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Florida Recycling
Resource Recovery

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Florida Recycling: 75% by 2020

 by Bob Huffer,

Notably similar to the goals of California, Florida is also striving to reach a 75% recycling rate by the year 2020. As both states are known for their beautiful weather and dedication to the environment, it is only fitting that Florida is also trying to do all they can to protect it. Though they both have similar track records when it comes to a comparison with the rest of the United States, the sunshine state seems to be keeping up slightly better than California. Not completely on track to reach their goal (40% by 2012, 50% by 2014, 60% by 2016, 70% by 2018, and 75% by 2020), Florida reached a recycling rate of 56% in 2016. Over 10% closer to their goal in 2016 than California, Florida has explored a few avenues that may lead to their success.


Turning their attention toward C&D recycling, Florida guided counties to develop programs for recycling C&D (Construction and Demolition) materials. Now all C&D materials must be processed prior to disposal. Their efforts to reclaim more C&D materials are reflected in a 20% increase in C&D recycling. Another area given special attention is the commercial sector. Responsible for creating 68% of the Municipal Solid Waste in Florida, this segment is seen as essential to reaching the 75% goal for recycling overall. In an overview prepared by the DEP (Department of Environmental Protection), it is established that even if residential recycling rates reached 100%, the state’s goal would not be met without buy-in from the commercial district.


Examining the well-thought-out plans of the DEP and improvements that have already been made to reach their goal recycling rate, it is becoming more evident that the effort now lies on the shoulders of the public and recyclers. The 19% left to improve seems like an impossible effort to many, however, the goal is possible. General Kinematics has, in fact, seen many customers reach this goal first hand. Working with some of the larger recycling organizations in the area, GK has collaborated on proven solutions across the state. One of the most effective ways to improve individual recycling rates starts with the screening process.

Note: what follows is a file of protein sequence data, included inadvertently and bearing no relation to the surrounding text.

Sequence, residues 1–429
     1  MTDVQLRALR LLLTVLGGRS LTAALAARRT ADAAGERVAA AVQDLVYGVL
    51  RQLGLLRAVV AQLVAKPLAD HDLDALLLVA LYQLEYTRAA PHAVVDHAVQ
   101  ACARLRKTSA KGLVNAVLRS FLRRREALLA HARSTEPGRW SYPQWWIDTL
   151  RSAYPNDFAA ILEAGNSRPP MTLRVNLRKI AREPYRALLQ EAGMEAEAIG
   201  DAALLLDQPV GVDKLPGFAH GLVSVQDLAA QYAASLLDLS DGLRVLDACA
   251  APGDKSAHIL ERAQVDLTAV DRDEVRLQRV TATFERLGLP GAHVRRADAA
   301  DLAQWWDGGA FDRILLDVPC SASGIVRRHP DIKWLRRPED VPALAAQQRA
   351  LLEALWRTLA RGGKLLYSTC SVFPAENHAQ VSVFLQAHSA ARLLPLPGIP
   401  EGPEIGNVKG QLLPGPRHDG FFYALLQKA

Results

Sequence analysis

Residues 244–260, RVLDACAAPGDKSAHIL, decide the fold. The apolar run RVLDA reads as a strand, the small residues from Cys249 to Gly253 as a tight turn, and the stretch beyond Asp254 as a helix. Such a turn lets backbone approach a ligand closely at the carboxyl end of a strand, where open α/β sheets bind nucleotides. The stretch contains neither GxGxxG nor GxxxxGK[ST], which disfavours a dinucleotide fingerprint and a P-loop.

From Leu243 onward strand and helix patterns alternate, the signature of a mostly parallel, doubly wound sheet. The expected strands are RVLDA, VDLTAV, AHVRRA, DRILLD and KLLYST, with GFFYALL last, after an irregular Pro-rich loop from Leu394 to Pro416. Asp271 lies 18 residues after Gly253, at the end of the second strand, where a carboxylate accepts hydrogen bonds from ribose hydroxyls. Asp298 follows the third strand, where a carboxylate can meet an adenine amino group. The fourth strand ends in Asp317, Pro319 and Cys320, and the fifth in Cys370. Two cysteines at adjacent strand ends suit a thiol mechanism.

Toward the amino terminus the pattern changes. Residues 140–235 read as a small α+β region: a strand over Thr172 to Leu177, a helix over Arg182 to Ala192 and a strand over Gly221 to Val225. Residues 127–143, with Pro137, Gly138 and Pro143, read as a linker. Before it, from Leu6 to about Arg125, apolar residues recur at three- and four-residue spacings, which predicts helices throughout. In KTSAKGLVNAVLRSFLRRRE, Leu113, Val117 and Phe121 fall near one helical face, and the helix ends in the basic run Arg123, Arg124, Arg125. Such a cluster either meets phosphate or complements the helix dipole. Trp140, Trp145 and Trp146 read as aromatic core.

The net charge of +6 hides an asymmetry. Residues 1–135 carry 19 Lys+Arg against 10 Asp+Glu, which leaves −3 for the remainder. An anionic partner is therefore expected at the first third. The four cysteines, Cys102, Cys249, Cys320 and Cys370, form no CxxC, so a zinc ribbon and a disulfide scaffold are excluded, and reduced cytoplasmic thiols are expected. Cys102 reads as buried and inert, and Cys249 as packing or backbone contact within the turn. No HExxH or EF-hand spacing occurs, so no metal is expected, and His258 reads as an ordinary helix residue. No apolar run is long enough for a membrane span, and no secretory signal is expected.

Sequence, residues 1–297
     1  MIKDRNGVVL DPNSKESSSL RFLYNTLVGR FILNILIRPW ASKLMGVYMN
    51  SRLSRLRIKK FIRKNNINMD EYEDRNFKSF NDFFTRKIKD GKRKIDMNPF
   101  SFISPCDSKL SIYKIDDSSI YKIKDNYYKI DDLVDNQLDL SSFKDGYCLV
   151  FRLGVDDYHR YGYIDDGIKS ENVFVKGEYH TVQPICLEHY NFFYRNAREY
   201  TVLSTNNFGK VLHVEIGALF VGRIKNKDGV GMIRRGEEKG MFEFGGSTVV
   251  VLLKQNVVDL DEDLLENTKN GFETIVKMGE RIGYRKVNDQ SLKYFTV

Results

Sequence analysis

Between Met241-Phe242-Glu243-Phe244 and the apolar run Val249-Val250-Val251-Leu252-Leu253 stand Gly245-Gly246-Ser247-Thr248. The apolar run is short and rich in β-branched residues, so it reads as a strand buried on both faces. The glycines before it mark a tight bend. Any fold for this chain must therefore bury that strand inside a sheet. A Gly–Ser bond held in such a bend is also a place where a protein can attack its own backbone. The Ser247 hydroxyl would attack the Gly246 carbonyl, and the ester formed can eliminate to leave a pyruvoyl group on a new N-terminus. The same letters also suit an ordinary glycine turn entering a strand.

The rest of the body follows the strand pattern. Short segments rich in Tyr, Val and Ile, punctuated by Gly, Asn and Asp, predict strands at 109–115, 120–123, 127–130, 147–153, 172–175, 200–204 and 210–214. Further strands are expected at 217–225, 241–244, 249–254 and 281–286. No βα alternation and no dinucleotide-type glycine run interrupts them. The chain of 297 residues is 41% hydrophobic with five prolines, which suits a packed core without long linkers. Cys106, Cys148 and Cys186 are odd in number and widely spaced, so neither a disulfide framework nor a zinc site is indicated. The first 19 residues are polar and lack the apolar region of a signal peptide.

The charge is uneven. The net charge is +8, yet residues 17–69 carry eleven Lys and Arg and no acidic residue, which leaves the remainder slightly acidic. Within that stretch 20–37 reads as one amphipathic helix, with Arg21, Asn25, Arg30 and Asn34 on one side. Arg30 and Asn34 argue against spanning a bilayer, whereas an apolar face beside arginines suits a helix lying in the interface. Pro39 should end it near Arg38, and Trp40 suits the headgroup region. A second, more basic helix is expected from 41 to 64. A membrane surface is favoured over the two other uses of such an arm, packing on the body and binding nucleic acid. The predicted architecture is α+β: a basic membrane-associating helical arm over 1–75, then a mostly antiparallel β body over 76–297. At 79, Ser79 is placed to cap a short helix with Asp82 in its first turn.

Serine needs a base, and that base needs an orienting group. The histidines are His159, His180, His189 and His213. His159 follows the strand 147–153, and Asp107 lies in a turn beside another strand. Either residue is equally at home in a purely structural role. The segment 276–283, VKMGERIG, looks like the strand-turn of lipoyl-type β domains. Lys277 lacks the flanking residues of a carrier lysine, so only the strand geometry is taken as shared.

Effectively separating and distributing the stream to the subsequent equipment drastically improves the end product, allowing the material purity to increase as it travels through the system. GK has designed the FINGER-SCREEN™ 2.0 to sort and evenly distribute materials for the downstream process. The new screen has been proven to increase fine recovery for C&D recyclers and is flexible enough to switch between processing C&D and Class III materials.


Improving purity rates could also be a game changer for Florida recyclers. Reopening the doors to China for US materials can improve return and make efforts more economically feasible. To learn more about what you can do to improve the recycling rate at your facility contact me!

Bob Huffer

Eastern Regional Manager

Bob Huffer is General Kinematics’ Eastern Regional Manager. With over 25 years of experience at GK, Bob has extensive knowledge of the challenges Recyclers face today. In his previous roles in Design Engineering and Field Service Manager, Bob gained a wide range of technical knowledge in many different processes and developed a keen eye for GK Vibratory Technology Solutions. Currently located in Florida, Bob works with many recycling facilities throughout the Southeastern US. He has a BS in Engineering from Illinois State University.